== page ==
The best post-decline phase has to be that of Jim Palmer. Yes, Tillman can take solace in the fact that the man who calls half his games also experienced a significant decline in K-BB rate. From 1972-1974 Palmer’s K-BB rate fell by an ugly 107%, finishing at a low of 1.9% in 1974. That wouldn’t play today, but in the mid-70’s that was okay, and Palmer was still getting outs. He continued to do so for the next three years, averaging a whopping 319 IP/year with an excellent ERA- of 70.

Another famous name comes in second place on this list. Steve Carlton’s relative K-BB rate declined 78% from 1969-1971. That didn’t hurt his career any, as over the next three years he averaged 310 IP/year  with an ERA- of 81.

The worst post-decline "career" is undoubtedly that of Noah Lowry, who declined 135% from 2005-2007 and didn't pitch at all after that. The thing is, he was a very good pitcher in 2007, putting up an ERA- of 88. He just suffered a string of injuries that forced him out of the game. Down in the cellar with him is Ricky Romero, whose K-BB rate declined 88% from 2010-2012 and who's thrown just 7.1 major league innings since.

Does K-BB% Decline Explain Variation in Post-Decline IP?
In addition to Palmer and Carlton, several other Hall of Famers show up on this list. Nolan Ryan, Don Drysdale, Dennis Eckersley, Sandy Koufax, Bert Blyleven, and Tom Glavine are all there. Other names you’d recognize are Orel Hersheiser, Dave Stieb, Dwight Gooden, Jon Lester, Andy Pettitte, James Shields, Kevin Brown, Josh Beckett, Carlos Zambrano, Tommy John, Tim Hudson, Cole Hamels, and Max Scherzer.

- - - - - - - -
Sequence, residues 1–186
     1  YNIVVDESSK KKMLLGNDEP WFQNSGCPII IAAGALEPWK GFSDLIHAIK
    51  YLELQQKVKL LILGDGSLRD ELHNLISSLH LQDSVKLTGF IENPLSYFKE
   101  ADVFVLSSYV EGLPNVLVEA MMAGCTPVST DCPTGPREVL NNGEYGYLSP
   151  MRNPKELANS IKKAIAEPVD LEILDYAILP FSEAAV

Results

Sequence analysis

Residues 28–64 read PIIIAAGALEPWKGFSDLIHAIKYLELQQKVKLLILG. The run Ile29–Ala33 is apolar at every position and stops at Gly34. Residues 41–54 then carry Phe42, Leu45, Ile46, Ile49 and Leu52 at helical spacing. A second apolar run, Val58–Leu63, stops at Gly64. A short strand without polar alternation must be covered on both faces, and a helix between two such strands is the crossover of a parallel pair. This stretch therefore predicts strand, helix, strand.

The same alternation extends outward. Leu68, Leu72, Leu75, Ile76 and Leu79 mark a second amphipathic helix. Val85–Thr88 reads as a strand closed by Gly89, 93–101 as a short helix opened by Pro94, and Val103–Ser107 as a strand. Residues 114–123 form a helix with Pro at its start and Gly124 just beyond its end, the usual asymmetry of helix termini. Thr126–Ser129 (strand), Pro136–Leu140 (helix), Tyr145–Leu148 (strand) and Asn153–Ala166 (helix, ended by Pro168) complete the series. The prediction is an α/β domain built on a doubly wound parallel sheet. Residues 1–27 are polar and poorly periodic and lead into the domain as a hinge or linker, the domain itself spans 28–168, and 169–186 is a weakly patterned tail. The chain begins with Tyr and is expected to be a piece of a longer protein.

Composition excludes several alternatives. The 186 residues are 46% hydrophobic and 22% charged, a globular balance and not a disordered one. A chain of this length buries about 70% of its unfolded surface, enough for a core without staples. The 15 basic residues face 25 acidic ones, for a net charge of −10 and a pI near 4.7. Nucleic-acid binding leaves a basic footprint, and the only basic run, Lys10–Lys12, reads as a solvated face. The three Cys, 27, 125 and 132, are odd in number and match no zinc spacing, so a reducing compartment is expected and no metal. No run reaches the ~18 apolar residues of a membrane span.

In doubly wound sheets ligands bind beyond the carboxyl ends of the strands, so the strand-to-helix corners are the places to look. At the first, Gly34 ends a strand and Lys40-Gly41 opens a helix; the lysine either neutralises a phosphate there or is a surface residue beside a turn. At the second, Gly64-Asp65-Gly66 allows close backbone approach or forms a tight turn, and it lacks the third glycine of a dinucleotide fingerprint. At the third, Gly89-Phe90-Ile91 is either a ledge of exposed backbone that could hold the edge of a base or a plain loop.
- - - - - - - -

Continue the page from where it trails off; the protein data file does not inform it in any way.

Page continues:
The presence of such names shows that you can be a good pitcher, even a great one, while experiencing a declining core skillset at a young age. A scatterplot shows conclusively that the magnitude of a pitcher’s K-BB rate decline explains none of the variance in how many innings he will average during the following three years:

Soto, way out by himself on the right side of the graph, probably skews the results, as does the man to his left (Mike Norris with a 203% decline from 1980-1982). If we examine pitchers whose K-BB rate declined between 43 and 63%, a range that places Tillman in the middle, do we get a different picture?

Nope. The relationship is just as non-existent even when looking at Tillman’s direct comparables.
These graphs show that K-BB rate declines happen to Hall-of-Famers, middle-tier innings-eaters, and scrubs alike. If you need further proof, here’s a histogram of post-decline ERA-:
50% of these pitchers have an ERA- of 103 or lower, with the average being 111. The Orioles would take this kind of performance from Tillman; it would certainly beat his 2015 ERA- of 121.

There is probably some survivor bias going on here. If you’re good enough to pitch 150 innings/year for three years starting at age 24, 25, or 26, you’re good enough to compensate for a K-BB rate decline. That, or perhaps strikeouts were never a big part of your game to begin with. Or you pitch to contact enough to limit the damage from walks. Or you're young enough that some team will give you a chance.

Tillman has shown some evidence of adjusting; as his K-BB rate has declined, he’s become more of a ground-ball pitcher in an effort to limit the damage:

This adjustment doesn’t mean that Tillman will be okay, but that indicators of his decline will have to come from somewhere else. The fact that his K-BB rate has declined means nothing for what the Orioles should expect out of him through 2018. Plenty of major-league pitchers have experienced what Tillman is going through and have been just fine. 

You can view the full list of K-BB decliners here.

All data for this post courtesy of FanGraphs.